R 22

Rhodes 22



What size Danforth anchor will fit in the hanger? I have an 8-pound. Will a larger one fit?

Rod Ellner

Most people are using the 13-pound "Danforth" style anchor (and what GB uses). That is a steel anchor. A lighter Fortress aluminum can be used but they are pricey. 13 pounds seems the right size for the boat (BUT NOT STORM SIZE). With 20 feet of 1/4 inch chain will bring the system weight into the 20-pound area. These anchors work best in mud bottoms; for almost anything else you want a second type of anchor on the boat.

Bring a tape measure to the boat store to measure the shaft and the blades. The bow pulpit has changed often and every "Danforth" style is different.


My 1976 Rhodes 22 didn't come with the built-in anchor locker. After seeing the GBI factory set-up at boat shows, I never retrofitted it. In my opinion, it's the most un-seaworthy feature on the whole boat. We frequently sail in pretty rough conditions on the Great Lakes. Who wants an anchor rode hawse pipe up on the bow leading down to a drawer that doesn't have a drain and overflows on top of the V-berth? Also, the geometry looked wrong for smooth anchor rode storage. Anchor rode lockers are usually deep, not shallow like the GBI drawer.

I'm hoping that someday, GBI will upgrade the design to a proper foredeck anchor locker that drains overboard & has a solid opening hatch up on the foredeck which can be securely locked shut. Unfortunately, this is not the sort of project the average Rhodes 22 owner can tackle. There's a lot of critical structure & other gear built into the bow. You can't simply cut it away & glass in an anchor locker.

Anyway, for the moment, we're stuck with what we have. It turns out that a low profile 5 gal bucket will fit nicely under the cockpit seats. I carry 150 feet of 3/8" 3-strand + 30 feet of anchor chain + shackle in the bucket. Around the bottom of the bucket, equally spaced at 120 deg intervals, drill three " drain holes thru the side. About 4" above one of the holes, drill another " hole. This is the "rope keeper" hole. Thread about 6" of the end of the anchor rode thru the drain hole & back up into the rope keeper hole. When you go to use the bucket of rope, you will be able to pull anchor rode out of the drain hole and cleat it off before you even begin deploying anchor rode. This precludes losing the anchor rode and/or rope bucket overboard. My primary anchor is a Fortress FX-7, stored in a holder up on the bow pulpit. I carry my other anchors & rode in the lazarette compartment.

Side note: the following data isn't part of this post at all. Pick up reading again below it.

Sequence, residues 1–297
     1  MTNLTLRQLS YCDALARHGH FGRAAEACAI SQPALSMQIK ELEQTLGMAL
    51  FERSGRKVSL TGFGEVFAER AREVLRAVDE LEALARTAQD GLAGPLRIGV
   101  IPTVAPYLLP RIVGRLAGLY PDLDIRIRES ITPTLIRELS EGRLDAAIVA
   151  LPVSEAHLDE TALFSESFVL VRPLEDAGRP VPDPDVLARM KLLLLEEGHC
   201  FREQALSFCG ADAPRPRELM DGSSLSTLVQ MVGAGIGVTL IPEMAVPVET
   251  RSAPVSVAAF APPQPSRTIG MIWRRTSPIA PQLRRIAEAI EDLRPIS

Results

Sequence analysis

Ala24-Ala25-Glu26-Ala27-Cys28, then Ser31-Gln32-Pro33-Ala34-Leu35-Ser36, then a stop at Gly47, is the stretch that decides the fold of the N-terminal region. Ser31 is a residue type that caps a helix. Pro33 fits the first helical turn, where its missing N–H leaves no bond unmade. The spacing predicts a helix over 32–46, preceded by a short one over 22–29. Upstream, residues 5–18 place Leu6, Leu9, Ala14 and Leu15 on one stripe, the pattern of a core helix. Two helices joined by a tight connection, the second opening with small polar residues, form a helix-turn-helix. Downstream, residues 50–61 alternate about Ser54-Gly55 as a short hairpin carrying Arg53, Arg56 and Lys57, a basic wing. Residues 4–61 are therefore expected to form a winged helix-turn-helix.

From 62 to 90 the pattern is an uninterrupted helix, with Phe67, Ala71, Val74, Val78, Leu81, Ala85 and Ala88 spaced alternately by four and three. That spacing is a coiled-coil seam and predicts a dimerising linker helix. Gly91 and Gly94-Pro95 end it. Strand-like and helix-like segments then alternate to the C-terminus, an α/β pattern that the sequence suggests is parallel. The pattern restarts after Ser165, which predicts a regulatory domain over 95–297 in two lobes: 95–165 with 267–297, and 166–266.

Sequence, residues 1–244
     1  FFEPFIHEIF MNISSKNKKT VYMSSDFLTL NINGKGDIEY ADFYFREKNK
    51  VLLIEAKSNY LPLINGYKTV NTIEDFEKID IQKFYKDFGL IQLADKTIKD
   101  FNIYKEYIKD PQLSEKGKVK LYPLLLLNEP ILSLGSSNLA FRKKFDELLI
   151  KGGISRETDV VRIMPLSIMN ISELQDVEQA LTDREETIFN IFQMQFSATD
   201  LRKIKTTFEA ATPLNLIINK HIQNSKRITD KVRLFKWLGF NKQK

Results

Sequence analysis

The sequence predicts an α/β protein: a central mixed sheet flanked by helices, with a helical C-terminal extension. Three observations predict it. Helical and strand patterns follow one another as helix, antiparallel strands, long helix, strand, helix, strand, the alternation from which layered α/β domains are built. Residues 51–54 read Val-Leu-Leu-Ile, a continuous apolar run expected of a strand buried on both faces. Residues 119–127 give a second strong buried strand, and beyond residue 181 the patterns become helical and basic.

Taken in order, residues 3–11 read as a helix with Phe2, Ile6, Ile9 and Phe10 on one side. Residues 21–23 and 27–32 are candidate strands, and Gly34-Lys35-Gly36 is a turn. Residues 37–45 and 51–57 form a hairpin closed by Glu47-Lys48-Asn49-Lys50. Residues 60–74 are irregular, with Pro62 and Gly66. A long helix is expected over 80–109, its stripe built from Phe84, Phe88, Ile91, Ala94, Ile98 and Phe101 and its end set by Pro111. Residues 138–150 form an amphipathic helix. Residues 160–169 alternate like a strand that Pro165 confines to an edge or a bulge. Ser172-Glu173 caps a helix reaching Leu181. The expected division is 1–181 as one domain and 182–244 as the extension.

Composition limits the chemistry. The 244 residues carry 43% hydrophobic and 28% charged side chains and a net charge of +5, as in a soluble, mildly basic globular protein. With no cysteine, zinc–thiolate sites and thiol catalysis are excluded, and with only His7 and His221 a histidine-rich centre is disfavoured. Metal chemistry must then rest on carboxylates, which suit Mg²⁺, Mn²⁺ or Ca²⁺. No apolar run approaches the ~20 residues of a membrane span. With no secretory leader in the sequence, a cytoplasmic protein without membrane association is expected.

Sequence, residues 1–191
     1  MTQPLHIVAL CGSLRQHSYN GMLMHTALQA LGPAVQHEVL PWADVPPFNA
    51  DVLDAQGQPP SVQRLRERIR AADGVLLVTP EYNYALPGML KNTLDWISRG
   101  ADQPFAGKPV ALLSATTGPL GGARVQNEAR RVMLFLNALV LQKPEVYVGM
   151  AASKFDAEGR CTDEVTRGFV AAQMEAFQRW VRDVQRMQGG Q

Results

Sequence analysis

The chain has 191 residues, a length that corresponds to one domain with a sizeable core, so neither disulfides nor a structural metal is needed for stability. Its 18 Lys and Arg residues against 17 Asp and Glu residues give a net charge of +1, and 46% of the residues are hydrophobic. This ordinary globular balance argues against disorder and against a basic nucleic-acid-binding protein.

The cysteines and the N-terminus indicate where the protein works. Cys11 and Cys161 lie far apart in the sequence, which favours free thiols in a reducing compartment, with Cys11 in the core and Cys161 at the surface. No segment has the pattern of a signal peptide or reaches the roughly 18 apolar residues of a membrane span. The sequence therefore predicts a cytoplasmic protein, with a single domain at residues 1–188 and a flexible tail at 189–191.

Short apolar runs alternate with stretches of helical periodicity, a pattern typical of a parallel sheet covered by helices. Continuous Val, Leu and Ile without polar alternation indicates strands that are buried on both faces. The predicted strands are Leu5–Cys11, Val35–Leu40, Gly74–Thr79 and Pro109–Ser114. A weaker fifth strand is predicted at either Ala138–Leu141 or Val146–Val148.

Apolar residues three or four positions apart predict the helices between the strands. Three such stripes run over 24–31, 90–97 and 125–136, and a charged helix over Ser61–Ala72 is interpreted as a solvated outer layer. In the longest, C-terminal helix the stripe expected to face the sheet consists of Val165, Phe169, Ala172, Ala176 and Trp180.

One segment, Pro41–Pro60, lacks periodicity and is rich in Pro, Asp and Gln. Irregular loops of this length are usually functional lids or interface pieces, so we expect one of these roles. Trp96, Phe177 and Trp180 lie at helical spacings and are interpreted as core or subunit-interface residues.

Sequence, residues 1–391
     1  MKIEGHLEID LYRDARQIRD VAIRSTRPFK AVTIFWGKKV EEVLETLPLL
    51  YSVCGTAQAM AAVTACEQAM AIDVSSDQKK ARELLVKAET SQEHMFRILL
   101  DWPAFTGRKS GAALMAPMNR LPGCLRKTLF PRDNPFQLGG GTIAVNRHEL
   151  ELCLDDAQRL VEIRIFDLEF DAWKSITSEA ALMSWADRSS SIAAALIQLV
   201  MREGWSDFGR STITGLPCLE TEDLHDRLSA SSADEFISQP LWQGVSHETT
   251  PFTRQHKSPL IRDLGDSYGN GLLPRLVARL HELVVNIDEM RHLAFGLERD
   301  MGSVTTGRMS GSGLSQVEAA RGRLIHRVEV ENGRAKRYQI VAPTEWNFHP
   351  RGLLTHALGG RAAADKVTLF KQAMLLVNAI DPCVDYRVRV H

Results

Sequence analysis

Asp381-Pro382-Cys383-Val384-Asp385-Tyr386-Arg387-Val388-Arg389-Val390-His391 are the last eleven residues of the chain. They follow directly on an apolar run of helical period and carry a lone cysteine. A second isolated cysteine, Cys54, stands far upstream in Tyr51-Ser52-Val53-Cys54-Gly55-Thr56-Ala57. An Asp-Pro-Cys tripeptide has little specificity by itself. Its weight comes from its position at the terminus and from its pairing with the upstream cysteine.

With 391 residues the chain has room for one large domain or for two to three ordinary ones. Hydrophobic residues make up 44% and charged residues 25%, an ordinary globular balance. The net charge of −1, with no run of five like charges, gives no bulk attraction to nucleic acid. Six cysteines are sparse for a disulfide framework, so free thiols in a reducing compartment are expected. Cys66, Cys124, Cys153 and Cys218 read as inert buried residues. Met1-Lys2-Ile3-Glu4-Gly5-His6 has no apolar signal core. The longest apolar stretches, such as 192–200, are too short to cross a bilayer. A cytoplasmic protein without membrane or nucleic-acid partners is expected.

My bow is a pretty crowded place with the roller furler & its associated control line, mooring cleats, chocks, downhaul for the cruising spinnaker, downhaul for the spinnaker snuffer sock, and storage cleat for the outboard end of the spinnaker pole. I always figured an anchor roller on top of all the other gear would be a bit much. You'd also have to install it off center, which would look pretty ugly.

Roger Pihlaja
S/V Dynamic Equilibrium

New Song is still a yard ornament -- a very nice one, but still a yard ornament. My dealer has my Yamaha high thrust tiller model in. Hope to pick it up next week. My dealer is two hours away. We'll be sailing soon, now.

I'm having trouble figuring how to deal with rode. The little hole over the rode box is a pain to stuff the rode into. And it bunches up right under the hole even though there appears to be plenty of room in the box. I'm glad to give up the bunk space right up against the bow. The box doesn't fit, except on its rack and I don't want to drop wet rode on the bunk cushions.

I'm using 200 feet of 3/8-inch New England three-strand nylon line and 22 feet of 3/16- inch PC chain. I think the Danforth type anchor that came with the boat is 13 pounds.

Right now, the rode is in a five-gallon bucket. If I stay with that, I would expect to deploy it from the cockpit.

What solutions are other people using? I'd certainly like to hear from you.

Also, is anyone using an anchor roller? What kind?


John Ward
S/V New Song
Fountaintown, IN (near Indianapolis)

Line: 3/8" New England Premium 3-Strand-- it has 4000 pound breaking load. Good stretch. Top Pick of PS for chafe resistance.

Chain: " Hot dip galvanized proof coil (high strength if you want some more weight), as long as possible to keep the set-up under 35 pounds (about 22-30 feet); the chain is really needed for chafe on the bottom, but the weight helps.

Shackles: 3/8", and a 3/8" swivel between chain and rode; galvanized thimble on the rode. Seize the shackle pins with monel wire to prevent corrosion.